We may also feel peaceful and comfortable as we settle into our beds for the night. Where is your favorite quiet place?

Quiet places are important because there we are given a chance to clear our minds. When that happens we become still and calm. We are better able to hear and feel God’s Spirit.


SOURCE: Sermon Writer


Jesus’ Transfiguration

Object suggested: Something to do with baseball––a ball, a bat, or a glove

Kade and his friends looked forward to baseball practice. They had waited and waited for a coach and now they had and coach and they could begin practicing. The coach had them practice throwing the ball, and showed them how to use their gloves. They practiced swinging the bat. They even practiced running. Soon, hey were ready to play.

Their first game was very different from the practice times. Lots of people sat in the stands behind home plate. When Kade went up to bat, he felt very nervous. With the first pitch, people began calling out, “Kade, swing!” Kade swung at the wild pitch and heard the umpire yell, “Strike!” Behind people kept yelling, but Kade felt frozen. He didn’t swing again, and before long, Kade had three strikes and with his head down he walked back to the dugout.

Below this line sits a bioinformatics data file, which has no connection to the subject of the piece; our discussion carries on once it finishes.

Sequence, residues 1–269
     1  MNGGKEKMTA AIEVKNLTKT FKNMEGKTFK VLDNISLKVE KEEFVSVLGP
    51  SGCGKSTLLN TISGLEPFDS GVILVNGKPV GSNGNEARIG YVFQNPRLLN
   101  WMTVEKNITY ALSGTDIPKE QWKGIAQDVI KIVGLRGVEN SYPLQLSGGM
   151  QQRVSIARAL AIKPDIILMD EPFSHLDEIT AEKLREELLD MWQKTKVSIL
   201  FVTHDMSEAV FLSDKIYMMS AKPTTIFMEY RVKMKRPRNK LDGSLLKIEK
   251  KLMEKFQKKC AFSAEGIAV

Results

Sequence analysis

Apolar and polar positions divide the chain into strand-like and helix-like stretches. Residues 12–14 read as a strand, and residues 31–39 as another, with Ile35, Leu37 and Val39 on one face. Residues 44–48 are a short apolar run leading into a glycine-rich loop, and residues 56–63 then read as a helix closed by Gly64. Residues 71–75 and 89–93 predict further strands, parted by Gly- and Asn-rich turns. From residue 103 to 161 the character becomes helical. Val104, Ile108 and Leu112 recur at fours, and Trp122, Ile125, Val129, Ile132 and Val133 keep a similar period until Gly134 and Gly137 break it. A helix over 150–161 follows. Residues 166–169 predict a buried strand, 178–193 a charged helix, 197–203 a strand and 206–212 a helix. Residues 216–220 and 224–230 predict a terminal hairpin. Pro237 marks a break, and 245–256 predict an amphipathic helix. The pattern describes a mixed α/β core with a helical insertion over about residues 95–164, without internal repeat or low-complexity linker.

SOURCE: Sermon Writer

Handouts for Children

Transfiguration (Year A)


Gospel Based Word Search


SOURCE: Salford Diocese Office for Liturgy



A resource created for catechists, teachers, students and families

Read Alouds

Transfiguration (Year A)


Santa Clara University

Sunday Index for children ages 5-13

Using each lesson plan, directors of religious education, school teachers, and parents can:

  • Use the recommended key discussion points when reading weekly messages with your children.
  • Read aloud a classic picture storybook linked to the moral virtue in the weekly readings.
  • Manage creative activities including arts and crafts, games, and gardening projects.
  • End with a reflection activity using a case study and a prayer.




This retelling of Aesop’s fable of the Tortoise and the Hare is wonderful journey to help young people understand the virtue of wisdom.